I’ve been sitting here staring at a blinking cursor for nearly an hour.
Before that, the words were crawling onto the page at the pace of a slug, each line dragging on behind the other in a continuous stream of “blah” as I try to make another dollar; another deadline. I thought if I just pushed myself, I would wrap this one up in a jif.
Yet the words came to a halt about an hour ago, and the cursor hasn't moved since.
What’s wrong with me?
Why can’t I bang out this 1,000-word blog in an hour like I usually do?
Facing the Reflection in the Computer Screen
Beyond the serif text of this Medium post, I can see the faint reflection of myself on the screen. She looks tired. Older. The cloud of fatigue is like a fog across her face.
In that moment it became apparent why I had lost my momentum. No matter how much I tell myself “Just one more assignment!” or “Just one more paragraph!”, the cursor wasn’t going to move.
My tank was on empty.
Over the last six months, I had worked myself to the bone rebuilding a freelance career at what was literally a moment’s notice. I desperately needed a break.
Yet I couldn’t stop. I had no choice but to plug out assignments like a content mill in order to earn enough money just to pay the bills. It’s been a marathon of 12-hour (or more) days, countless cups of coffee, and more than a few silent temper tantrums in the shower as I asked myself, “Is it even worth it?”
My labor of love had simply become labor.
Should I keep going?
The Short Answer? Yes!
I’m not the first to experience this kind of writing rut. The freelancing game is a never-ending grind of scouting out clients, churning out assignments, and still making time for writing for yourself (← This is very important!).
When you add it all up, it’s far beyond an 8-hour day gig, yet there is only so much energy one person can give. We all have limits, and the blinking cursor I mentioned above was a flashing sign that I had reached mine.
I needed to pause and recoup. Part of that process is what you’re reading now. Outlets are essential, from processing those pent-up emotions to simply letting our creativity run free.
The other part includes getting up and getting out. No matter how much you enjoy the writing, it can’t be all that you do. You need breaks in between to carpe diem and live.
Go on a road trip. Stop by the beach or a park. Call up your friends and meet for drinks. Get out of the house and do something.
These things are rejuvenating. They refill your tank so you when you plop back in your chair, you can keep plugging along.
Climbing Out of the Rut
I’m in no way oblivious to my workaholic nature. Everyone, from childhood friends to recent acquaintances, knows that I am constantly working, whether it’s on client assignments, new books, or some other project that slides across my desk.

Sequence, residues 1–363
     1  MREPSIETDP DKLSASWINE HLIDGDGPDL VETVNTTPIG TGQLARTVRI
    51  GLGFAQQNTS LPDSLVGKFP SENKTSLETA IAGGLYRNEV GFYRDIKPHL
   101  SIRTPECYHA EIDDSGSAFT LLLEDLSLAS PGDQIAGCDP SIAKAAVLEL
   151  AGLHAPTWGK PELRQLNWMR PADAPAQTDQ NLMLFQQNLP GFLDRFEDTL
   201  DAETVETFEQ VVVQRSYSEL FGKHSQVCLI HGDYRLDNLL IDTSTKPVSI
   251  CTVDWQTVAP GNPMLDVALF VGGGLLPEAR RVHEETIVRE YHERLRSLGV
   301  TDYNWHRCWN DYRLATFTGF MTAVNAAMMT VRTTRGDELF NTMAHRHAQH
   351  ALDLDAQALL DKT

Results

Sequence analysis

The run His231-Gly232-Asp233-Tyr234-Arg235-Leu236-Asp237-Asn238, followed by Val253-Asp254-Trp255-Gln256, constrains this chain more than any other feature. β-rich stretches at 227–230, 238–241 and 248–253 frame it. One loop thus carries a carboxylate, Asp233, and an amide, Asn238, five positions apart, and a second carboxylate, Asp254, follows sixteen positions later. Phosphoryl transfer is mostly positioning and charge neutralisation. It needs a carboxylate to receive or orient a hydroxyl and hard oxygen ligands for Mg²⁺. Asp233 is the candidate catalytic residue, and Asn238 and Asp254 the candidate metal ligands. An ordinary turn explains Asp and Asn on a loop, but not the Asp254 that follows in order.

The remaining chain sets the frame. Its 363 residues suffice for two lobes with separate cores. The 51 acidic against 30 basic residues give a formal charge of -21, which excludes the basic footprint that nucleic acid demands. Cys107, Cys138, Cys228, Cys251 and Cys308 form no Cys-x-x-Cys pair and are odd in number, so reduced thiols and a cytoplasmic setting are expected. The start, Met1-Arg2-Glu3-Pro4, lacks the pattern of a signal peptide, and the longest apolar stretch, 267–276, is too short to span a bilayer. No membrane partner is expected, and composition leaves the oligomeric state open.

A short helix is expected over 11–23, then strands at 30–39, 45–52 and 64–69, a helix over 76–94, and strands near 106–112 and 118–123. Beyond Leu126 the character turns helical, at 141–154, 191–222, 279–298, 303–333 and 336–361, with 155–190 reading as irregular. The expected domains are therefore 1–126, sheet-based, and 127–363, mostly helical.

I have a hard time turning it off, but I have to remember if I don’t pause to embrace life, the fire will dwindle. Writers feed off of new thoughts, new experiences, and new rabbit holes of imagination.
We need to give ourselves inspiration, and it isn’t going to happen from our computer chair. It happens out there in the world around us.
This includes a sense of purpose, which I admit is sorely lacking in the blogging realm. The majority of my work these days involves churning out blogs for SEO. More often than not, I feel like I’m writing for an algorithm rather than an audience, which in truth isn’t how SEO should work (oh look, I think I just found the subject of my next Medium post…).
As someone with over a decade of experience in the writing industry, from covering the music beat for national publications to composing 5-star fantasy novels, I yearn to weave soul within my words.
Which leads me to my next point: in order to get out of a writing rut, we need some purpose to drive us. Motivation is strongest when it has a solid reason to move.
For me, it’s writing about things that matter, whether those things are stories that inspire or exploring the tough questions. Posts like the one I’m writing now tap into something deeper than “5 Ways to Make Chores More Bearable” or “10 Reasons You Should Build a Custom Home”.
Beyond the click bait that helps put food on the table is a voice that can inspire, challenge, and make people feel. When I feed that, even those seemingly empty assignments can take on a new life and come easily.
Bottom Line: You Need to Feed Yourself
When we pour ourselves into our work, we forget to feed ourselves. Not just physically (though let’s be honest… it definitely happens), but mentally and creatively.
In the words of Green Day frontman Billie Joe Armstrong, “I think it’s more about just holding onto yourself and your energy, just to keep seeking out life and getting new experiences. The day you become old is the day you’re not looking for new experiences anymore. You need that; you need to do things that keep you alive.”